which can be inefficient because it has to find the next element to return
Add templated find overload for compatible keys.
Some code formatting changes to fit almost all lines into 80 characters.
erase_return_void is now
quick_erase, which is the
forerunner for resolving the slow erase by iterator, although there's
a strong possibility that this may change in the future. The old method
name remains for backwards compatibility but is considered deprecated and
will be removed in a future release.
Stop using deprecated
Fix a bug when inserting into an
iterators which returns
This is major change which has been converted to use Boost.Move's move emulation,
and be more compliant with the C++11 standard. See the compliance
section for details.
The container now meets C++11's complexity requirements, but to do so uses
a little more memory. This means that
erase_return_void are no
longer required, they'll be removed in a future version.
C++11 support has resulted in some breaking changes:
Equality comparison has been changed to the C++11 specification. In a container
with equivalent keys, elements in a group with equal keys used to have
to be in the same order to be considered equal, now they can be a permutation
of each other. To use the old behavior define the macro
The behaviour of swap is different when the two containers to be swapped
has unequal allocators. It used to allocate new nodes using the appropriate
allocators, it now swaps the allocators if the allocator has a member structure
destroy functions are called
with raw pointers, rather than the allocator's
emplace used to emulate
the variadic pair constructors that appeared in early C++0x drafts. Since
they were removed it no longer does so. It does emulate the new
piecewise_construct pair constructors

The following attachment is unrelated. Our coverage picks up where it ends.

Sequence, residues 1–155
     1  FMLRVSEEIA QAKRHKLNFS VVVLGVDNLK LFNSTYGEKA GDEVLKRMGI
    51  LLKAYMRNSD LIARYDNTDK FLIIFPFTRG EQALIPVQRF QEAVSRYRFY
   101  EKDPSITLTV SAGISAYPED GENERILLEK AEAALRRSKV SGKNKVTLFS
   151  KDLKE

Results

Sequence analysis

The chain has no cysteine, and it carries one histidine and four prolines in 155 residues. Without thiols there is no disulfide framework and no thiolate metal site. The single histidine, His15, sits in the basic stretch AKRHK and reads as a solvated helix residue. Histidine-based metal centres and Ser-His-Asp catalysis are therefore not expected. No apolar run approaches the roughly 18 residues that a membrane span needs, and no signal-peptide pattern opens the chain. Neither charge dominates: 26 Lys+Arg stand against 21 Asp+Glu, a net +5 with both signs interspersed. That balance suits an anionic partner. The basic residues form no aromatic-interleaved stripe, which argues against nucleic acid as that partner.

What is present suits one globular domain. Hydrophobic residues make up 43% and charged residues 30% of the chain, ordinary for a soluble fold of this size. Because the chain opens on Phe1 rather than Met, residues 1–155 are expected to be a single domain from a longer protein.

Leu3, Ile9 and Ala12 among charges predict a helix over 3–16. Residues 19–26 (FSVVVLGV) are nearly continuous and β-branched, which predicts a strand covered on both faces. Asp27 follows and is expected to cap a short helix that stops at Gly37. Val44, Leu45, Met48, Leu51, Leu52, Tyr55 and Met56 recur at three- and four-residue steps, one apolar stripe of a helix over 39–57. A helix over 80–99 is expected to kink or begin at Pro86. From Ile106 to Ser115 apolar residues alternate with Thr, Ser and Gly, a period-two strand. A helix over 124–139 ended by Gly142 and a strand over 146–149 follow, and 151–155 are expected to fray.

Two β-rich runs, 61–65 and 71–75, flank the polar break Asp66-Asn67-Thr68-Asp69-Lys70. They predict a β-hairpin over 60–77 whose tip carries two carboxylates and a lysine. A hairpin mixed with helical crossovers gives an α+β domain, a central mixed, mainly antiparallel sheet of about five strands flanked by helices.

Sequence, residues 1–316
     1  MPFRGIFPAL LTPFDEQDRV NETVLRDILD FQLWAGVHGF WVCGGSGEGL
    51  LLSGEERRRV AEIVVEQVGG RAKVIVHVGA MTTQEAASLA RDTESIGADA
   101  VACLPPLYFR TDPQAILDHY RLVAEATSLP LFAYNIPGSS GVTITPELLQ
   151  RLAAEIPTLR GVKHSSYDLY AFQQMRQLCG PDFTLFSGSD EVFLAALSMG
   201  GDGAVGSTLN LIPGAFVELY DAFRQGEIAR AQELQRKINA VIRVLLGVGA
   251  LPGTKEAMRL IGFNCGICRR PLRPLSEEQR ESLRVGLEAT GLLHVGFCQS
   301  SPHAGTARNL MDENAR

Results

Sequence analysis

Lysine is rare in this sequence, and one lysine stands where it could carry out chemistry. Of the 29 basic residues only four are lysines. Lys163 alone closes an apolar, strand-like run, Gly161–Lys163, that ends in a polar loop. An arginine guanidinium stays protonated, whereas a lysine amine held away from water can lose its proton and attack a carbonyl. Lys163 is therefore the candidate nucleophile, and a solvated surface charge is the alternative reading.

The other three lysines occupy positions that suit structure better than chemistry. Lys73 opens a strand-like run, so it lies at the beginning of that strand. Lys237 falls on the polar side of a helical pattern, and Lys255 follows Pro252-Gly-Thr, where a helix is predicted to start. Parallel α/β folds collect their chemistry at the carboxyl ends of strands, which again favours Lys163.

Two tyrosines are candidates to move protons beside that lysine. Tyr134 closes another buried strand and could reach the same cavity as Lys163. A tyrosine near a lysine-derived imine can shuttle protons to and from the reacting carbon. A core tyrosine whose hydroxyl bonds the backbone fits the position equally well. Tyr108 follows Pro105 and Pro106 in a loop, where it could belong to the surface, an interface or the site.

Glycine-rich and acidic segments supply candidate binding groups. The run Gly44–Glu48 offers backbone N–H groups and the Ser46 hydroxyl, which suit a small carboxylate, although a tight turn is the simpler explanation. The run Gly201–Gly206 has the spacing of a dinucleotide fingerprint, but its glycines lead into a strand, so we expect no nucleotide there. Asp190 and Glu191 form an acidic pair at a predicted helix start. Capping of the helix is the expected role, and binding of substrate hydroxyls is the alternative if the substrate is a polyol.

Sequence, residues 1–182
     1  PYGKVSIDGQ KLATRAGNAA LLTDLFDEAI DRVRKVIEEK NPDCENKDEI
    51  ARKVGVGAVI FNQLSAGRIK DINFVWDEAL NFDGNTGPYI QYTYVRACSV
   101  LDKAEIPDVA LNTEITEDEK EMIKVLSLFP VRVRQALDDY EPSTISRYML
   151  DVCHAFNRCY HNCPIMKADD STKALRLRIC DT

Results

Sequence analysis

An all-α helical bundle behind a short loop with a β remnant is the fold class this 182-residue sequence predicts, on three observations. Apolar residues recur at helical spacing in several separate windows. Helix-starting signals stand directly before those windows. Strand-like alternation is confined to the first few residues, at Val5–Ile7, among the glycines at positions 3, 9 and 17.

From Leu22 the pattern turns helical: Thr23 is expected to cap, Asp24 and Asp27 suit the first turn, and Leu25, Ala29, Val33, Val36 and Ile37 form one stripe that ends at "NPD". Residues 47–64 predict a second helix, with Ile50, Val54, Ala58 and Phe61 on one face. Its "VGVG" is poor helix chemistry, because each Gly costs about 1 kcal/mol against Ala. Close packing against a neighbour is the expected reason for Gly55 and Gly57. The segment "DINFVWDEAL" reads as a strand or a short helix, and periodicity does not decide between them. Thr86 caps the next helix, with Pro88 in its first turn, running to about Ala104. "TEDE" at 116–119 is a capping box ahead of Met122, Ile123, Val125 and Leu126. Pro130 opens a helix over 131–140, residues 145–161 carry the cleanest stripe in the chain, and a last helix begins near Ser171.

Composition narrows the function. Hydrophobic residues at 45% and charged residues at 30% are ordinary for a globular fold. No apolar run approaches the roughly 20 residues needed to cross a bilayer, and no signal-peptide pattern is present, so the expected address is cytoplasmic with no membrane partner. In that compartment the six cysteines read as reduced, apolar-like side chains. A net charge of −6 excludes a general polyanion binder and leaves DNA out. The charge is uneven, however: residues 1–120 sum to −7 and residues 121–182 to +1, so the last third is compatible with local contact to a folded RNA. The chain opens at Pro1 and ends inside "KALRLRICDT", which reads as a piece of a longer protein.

- only you need to use
To use the old emulation of the variadic consturctors define
Fix warning due to accidental odd assignment.
Slightly better error messages.
Fix equality for
Fix some Sun specific code.
Make namespaces in macros compatible with
custom namespaces. Fixed by Luke Elliott.
Remove some of the smaller prime number of buckets, as they may make collisions
quite probable (e.g. multiples of 5 are very common because we used base
On old versions of Visual C++, use the container library's implementation
it's more likely to work.
On machines with 64 bit std::size_t, use power of 2 buckets, with Thomas
Wang's hash function to pick which one to use. As modulus is very slow
for 64 bit values.
Some internal changes.
Fix construction/destruction issue when using a C++11 compiler with a C++03
try..catch to support compiling without exceptions.
Adjust SFINAE use to try to supprt g++ 3.4 (#7175).
Updated to use the new config macros.
Faster assign, which assigns to existing nodes where possible, rather than
creating entirely new nodes and copy constructing.
Fixed bug in
Reverted some of the internal changes to how nodes are created, especially
for C++11 compilers. 'construct' and 'destroy' should work a little better
for C++11 allocators.
Simplified the implementation a bit. Hopefully more robust.